Wat. Res. Vol. 35, No. 17, pp. 4079–4085, 2001
# 2001 Elsevier Science Ltd. All rights reserved
Printed in Great Britain
0043-1354/01/$-see front matter
BIOSORPTION OF CHROMIUM(VI) FROM AQUEOUS
SOLUTIONS BY GREEN ALGAE SPIROGYRA SPECIES
V. K. GUPTA1*, A. K. SHRIVASTAVA2and NEERAJ JAIN2
1Department of Chemistry, University of Roorkee, Roorkee 247 667, India and2Department of
Civil Engineering, University of Roorkee, Roorkee 247 667, India
(First received 1 September 1999; accepted in revised form 1 March 2001)
Abstract}Biosorption of heavy metals is an effective technology for the treatment of industrial
wastewaters. Results are presented showing the sorption of Cr(VI) from solutions by biomass of
filamentous algae Spirogyra species. Batch experiments were conducted to determine the adsorption
properties of the biomass and it was observed that the adsorption capacity of the biomass strongly
depends on equilibrium pH. Equilibrium isotherms were also obtained and maximum removal of
Cr(VI) was around 14.7?103mg metal/kg of dry weight biomass at a pH of 2.0 in 120min with 5mg/l of
initial concentration. The results indicated that the biomass of Spirogyra species is suitable for the
development of efficient biosorbent for the removal and recovery of Cr(VI) from wastewater. # 2001
Elsevier Science Ltd. All rights reserved
Key words}biosorption, adsorption, biosorbent, algae, wastewater
The presence of heavy metal ions in surface water
continues to be the most pervasive environmental
issues of present time (Hotton and Symon, 1986;
Nriagu, 1988). Chromium is one of the contami-
nants, which exists in hexavalent and trivalent forms.
Hexavalent form is more toxic (Smith and Lec, 1972)
than trivalent and requires more concern. Strong
exposure of Cr(VI) causes cancer in digestive tract
and lungs (Kaufman, 1970) and may cause epigastric
pain, nausea, vomiting, severe diarrhea and hemor-
rhage (Browning, 1969). It is therefore, essential to
remove Cr(VI) from wastewater before disposal. The
main sources of chromium(VI) are tannery, paint, ink,
dye, and aluminium manufacturing industries etc.
Chemical precipitation with lime or caustic soda is
one of the common conventional treatments, where
recovery of metals or water is not a consideration.
However, to effectively decrease metals to acceptable
levels by this treatment requires a large excess of
chemicals, which generates volumetric sludge and
increases the costs of treatment (Spearot and Peck,
1984). Other available treatments such as ion
exchange, electrolysis and reverse osmosis require
high capital investment and running costs.
The process of adsorption is by far the most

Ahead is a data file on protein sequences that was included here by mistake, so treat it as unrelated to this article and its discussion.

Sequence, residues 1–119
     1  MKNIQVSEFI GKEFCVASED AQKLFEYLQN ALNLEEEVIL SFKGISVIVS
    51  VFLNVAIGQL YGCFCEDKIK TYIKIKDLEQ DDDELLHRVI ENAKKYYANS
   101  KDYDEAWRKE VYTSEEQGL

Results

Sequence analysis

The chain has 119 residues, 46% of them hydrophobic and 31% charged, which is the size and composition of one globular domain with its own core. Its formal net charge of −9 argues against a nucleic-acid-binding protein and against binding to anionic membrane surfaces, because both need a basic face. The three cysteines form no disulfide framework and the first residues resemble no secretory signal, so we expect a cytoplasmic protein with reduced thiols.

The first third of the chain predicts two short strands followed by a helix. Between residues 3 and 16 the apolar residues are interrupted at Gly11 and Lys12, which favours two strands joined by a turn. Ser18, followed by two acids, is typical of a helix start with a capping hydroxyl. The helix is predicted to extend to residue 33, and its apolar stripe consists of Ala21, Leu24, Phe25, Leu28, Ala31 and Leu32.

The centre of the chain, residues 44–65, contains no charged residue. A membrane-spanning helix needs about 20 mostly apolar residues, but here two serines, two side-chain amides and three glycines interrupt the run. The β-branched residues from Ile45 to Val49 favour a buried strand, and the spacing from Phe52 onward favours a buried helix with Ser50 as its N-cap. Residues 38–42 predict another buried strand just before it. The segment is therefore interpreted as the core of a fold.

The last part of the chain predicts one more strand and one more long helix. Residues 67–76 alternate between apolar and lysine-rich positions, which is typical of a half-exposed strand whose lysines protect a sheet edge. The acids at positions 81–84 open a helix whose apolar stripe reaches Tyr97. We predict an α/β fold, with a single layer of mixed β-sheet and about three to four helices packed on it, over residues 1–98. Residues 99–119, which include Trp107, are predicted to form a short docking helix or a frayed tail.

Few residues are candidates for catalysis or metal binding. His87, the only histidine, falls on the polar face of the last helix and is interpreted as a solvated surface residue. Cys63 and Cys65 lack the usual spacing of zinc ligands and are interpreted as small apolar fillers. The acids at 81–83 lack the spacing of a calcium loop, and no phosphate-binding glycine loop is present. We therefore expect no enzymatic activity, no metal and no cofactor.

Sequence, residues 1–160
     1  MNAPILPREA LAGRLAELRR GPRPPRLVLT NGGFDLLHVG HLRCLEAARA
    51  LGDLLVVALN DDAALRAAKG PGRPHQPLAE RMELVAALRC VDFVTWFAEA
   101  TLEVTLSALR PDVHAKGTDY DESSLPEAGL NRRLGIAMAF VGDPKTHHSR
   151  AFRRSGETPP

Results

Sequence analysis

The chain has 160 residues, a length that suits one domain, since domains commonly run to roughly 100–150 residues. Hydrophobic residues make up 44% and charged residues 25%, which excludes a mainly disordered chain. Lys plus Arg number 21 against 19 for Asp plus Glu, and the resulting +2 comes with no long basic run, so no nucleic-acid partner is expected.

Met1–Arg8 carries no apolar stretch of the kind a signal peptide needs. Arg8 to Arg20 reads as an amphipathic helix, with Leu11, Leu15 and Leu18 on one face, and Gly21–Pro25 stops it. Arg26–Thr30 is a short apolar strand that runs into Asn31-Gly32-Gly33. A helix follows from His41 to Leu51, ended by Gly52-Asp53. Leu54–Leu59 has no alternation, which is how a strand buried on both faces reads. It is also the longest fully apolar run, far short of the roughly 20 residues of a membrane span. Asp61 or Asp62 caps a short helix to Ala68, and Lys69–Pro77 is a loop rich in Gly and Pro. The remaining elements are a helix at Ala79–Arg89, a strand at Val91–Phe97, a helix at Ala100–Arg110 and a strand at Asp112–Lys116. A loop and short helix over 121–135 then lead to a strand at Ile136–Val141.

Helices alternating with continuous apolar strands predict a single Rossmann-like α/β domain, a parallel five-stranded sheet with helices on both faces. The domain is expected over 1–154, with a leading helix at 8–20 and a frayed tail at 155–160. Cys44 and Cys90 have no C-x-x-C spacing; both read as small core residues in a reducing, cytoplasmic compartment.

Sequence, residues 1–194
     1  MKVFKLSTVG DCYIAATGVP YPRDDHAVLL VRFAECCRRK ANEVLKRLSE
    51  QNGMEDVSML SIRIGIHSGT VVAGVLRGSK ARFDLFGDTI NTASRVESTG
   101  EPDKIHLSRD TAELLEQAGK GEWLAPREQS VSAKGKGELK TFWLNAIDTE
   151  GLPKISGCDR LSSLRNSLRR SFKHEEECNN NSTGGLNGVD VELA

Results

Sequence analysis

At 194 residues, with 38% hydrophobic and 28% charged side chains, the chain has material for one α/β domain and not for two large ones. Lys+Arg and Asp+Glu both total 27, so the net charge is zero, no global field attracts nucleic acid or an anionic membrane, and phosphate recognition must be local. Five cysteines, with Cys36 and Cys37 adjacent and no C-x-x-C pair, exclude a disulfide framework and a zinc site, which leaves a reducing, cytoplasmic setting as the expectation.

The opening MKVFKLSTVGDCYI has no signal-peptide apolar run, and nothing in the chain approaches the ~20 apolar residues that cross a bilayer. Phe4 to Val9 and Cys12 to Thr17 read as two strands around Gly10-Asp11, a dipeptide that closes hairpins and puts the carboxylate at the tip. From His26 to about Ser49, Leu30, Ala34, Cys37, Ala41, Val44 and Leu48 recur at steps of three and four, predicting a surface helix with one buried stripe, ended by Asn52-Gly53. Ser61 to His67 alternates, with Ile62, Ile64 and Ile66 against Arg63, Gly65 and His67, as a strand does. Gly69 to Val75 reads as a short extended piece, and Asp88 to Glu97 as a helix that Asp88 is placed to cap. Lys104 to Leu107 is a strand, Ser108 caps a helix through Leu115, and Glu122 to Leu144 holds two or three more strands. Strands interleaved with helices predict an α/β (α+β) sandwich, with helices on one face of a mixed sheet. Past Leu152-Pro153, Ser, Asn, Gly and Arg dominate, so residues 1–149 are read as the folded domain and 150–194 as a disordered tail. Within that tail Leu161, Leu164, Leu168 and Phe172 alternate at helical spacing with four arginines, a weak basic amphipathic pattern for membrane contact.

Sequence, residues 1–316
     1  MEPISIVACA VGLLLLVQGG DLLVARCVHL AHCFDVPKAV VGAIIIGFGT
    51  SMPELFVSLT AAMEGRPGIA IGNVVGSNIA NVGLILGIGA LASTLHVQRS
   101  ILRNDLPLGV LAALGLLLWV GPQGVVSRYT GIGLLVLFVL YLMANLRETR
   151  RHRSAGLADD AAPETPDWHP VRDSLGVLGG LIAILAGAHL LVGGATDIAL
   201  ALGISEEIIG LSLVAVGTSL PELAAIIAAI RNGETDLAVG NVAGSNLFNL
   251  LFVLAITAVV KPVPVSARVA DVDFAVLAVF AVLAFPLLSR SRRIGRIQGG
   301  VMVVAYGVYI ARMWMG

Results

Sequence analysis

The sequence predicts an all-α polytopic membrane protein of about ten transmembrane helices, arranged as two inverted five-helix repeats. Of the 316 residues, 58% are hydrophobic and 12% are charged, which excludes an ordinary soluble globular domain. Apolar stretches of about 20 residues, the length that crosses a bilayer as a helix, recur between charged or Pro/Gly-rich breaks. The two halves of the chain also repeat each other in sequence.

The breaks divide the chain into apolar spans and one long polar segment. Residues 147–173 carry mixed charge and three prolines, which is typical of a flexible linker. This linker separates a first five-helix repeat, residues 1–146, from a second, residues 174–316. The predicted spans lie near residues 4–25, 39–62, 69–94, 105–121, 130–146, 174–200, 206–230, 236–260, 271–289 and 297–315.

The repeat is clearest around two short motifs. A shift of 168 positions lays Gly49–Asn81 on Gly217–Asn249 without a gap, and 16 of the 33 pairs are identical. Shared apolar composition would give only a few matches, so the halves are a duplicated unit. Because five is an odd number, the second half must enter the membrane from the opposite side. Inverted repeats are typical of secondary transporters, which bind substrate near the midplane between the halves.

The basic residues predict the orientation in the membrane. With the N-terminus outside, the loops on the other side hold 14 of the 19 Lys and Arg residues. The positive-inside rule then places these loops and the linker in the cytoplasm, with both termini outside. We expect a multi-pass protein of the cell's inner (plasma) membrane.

versatile and widely used technique for the removal
of metal ions. Activated carbon has been the water
industrys’ standard adsorbent for the reclamation of
municipal and industrial wastewater for potable use
for almost three decades (Fornwalt and Hutchins,
1966). Despite its prolific use in the water and waste
industries, activated carbon remains an expensive
material. In recent years, research interest into the
production of low-cost alternatives to activated
carbon has grown.
It has been demonstrated that biosorption is a
potential alternative to traditional treatment pro-
cesses of metal ions removal (Volesky, 1990). The
phenomenon of biosorption has been described in a
wide range of non-living biomass like bark (Alves
et al., 1993); lignin (Srivastava et al., 1994); and
peanut hulls (Periasamy and Namasivayam, 1994) as
well as of living biomass like fungi (Lewis and Kriff,
1988; Matheickal et al., 1991; Fourest et al., 1994),
bacteria (Scott and Palmer, 1990; Grappelli et al.,
1992; Churchill et al., 1995; Chang et al., 1997), yeast
(Huang et al., 1990; Volesky et al., 1993), moss
(Lee and Low 1989; Low and Lee 1991), aquatic
plants (Srivastav et al., 1994) and algae (Xue et al.,
1988; Yu et al., 1999). Biosorption utilizes the ability
of biological materials to accumulate heavy metals
from waste streams by either metabolically mediated,
or purely physico-chemical pathways of uptake
(Fourest and Roux, 1992).
A survey of literature indicated that not much
work has been done so far on living biomass for
heavy metal removal. Efforts made to use the algae
and aquatic plants, moss and fern for heavy metals
*Author to whom all correspondence should be addressed.
Tel.: +91-1332-85801; fax: +91-1332-73560; e-mail:
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Biosorption of chromium(VI) from aqueous solutions by Spirogyra Sps. 4085